** The BE-4 uses liquefied natural gas (which is mostly methane, but with other trace gases and impurities) and will probably have a specific impulse in the mid-300 s range.

Why are there so many combinations and applications? An engine’s choice of propellant is usually the result of a complex interplay between engineering requirements, local weather, applications, organizational experience, history, politics, the local industrial base, and even the nation’s physical geography.

The highest-performing fuel in common use is liquid hydrogen, which can reach specific impulses of 453 seconds on RS-25 engines. However, it also comes with a plethora of engineering headaches, such as:

  • Cryogenic storage: Liquid hydrogen is cryogenic, meaning that it must be kept extremely cold or it will boil: -253 °C, to be precise. This means that the fuel tanks need heavy insulation and that handling becomes more difficult and dangerous. Additionally, most materials become stiffer and more brittle at cryogenic temperatures. The Titanic’s steel hull sailed through water at merely -2 °C, and it became so brittle that survivors reported that the hull sounded like shattering china when it fractured. However, the SpaceX Starship actually takes advantage of this effect to improve the strength of its hull when filled with cryogens by using a type of stainless steel that retains ductility at low temperatures.
  • Low density: Hydrogen’s high performance is due to its low molecular weight – unfortunately, this also means that it has a low density. Accordingly, larger, heavier tanks are needed. The size of liquid hydrogen tanks compounds the insulation problem. Larger tanks are also more difficult to transport to the assembly site, especially if they have to be transported by roads or trains. This is why liquid hydrogen may be a bad choice for nations with tough terrain.
  • High ignition sensitivity: Hydrogen-oxygen mixtures ignite easily. This means that starting the engine is easy. Unfortunately, this also means that a leak is more likely to cause an explosion.
  • Invisible flames: In the event that a leak ignites and produces a flame, hydrogen-oxygen flames are nearly invisible. This means that fires are much more difficult to detect.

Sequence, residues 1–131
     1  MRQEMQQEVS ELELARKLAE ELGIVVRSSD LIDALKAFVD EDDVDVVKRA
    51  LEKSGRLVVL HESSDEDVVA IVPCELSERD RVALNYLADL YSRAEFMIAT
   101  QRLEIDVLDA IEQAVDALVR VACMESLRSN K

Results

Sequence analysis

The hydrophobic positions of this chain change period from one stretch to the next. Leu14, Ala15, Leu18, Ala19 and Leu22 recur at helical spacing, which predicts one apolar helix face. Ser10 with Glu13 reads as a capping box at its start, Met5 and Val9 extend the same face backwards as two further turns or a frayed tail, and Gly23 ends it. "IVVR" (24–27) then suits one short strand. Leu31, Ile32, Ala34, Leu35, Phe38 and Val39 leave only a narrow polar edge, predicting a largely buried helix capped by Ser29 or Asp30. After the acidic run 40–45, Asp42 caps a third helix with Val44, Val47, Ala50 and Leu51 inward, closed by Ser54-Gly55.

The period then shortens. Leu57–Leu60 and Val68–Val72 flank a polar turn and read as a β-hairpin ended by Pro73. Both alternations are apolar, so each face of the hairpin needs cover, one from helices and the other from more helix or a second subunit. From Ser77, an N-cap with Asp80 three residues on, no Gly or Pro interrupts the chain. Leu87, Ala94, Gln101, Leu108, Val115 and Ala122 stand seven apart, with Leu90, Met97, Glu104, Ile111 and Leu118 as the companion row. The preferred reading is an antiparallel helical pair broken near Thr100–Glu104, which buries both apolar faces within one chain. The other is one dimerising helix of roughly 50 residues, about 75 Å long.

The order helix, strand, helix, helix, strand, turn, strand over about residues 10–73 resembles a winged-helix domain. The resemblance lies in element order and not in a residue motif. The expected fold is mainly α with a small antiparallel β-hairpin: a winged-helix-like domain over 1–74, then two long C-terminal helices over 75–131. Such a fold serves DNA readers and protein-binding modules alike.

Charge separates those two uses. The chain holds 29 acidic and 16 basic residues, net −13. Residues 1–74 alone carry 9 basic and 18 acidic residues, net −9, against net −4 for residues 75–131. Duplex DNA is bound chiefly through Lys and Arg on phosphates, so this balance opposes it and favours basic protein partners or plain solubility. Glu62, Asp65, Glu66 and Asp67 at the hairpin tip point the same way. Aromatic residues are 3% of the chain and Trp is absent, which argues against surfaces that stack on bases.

Those are some of the tricky problems that apply to the design of launch vehicles, but it doesn’t stop there. When trying to store liquid hydrogen for an extended period of time, such as during a deep-space mission, we encounter even more difficulties. These include:+

  • Boil-off: Liquid hydrogen is extremely cold. A deep-space vehicle will be heated by the Sun and by its onboard systems, which warm the hydrogen and cause it to boil. The resulting gas must either be vented into space (and be lost) or be captured and re-liquified (requiring heavy refrigeration systems that consume energy.) For expendable launch vehicles, hydrogen boil-off can just be vented and replenished while awaiting liftoff on the pad. A deep-space mission using liquid hydrogen, like a mission to Mars, would need to be equipped with cryogenic refrigeration systems.
  • Ortho-para transition: Hydrogen in its natural state is diatomic, meaning that each molecule is two hydrogen atoms bonded together. The nuclei of these atoms are single protons, each of which has a quantum mechanical property called spin (they aren’t literally spinning, it’s just a name for the property – no, I don’t understand what it means either.) These spins may be parallel (orthohydrogen) or antiparallel (parahydrogen.) Hydrogen gas at room temperature is about 75% orthohydrogen and 25% parahydrogen. However, when liquefied, the orthohydrogen begins turning into parahydrogen, releasing heat. This heat is enough to vaporize the hydrogen. So after liquefaction, hydrogen has to be actively chilled for several days to allow all the orthohydrogen to transition into parahydrogen, or it will begin rapidly vaporizing inside the rocket.
  • Leakage: Hydrogen is an extremely tiny molecule, meaning that it leaks readily through the smallest seams and gaps.
  • Embrittlement: Alternatively, hydrogen molecules may get stuck between the tank wall’s atoms, jamming them apart. So over time, the tank will become more and more brittle. This is combined with the fact that subjecting most materials to cryogenic temperatures will already make them brittle.

With these numerous problems, hydrogen as a fuel is mainly confined to applications where extreme performance is required and storage times are short. In modern use, hydrogen shines as a fuel for high-performance upper stages, such as with the Centaur. It doesn’t usually find use as a lower-stage fuel (with the notable exception of the Space Shuttle) because enormous tanks would be required.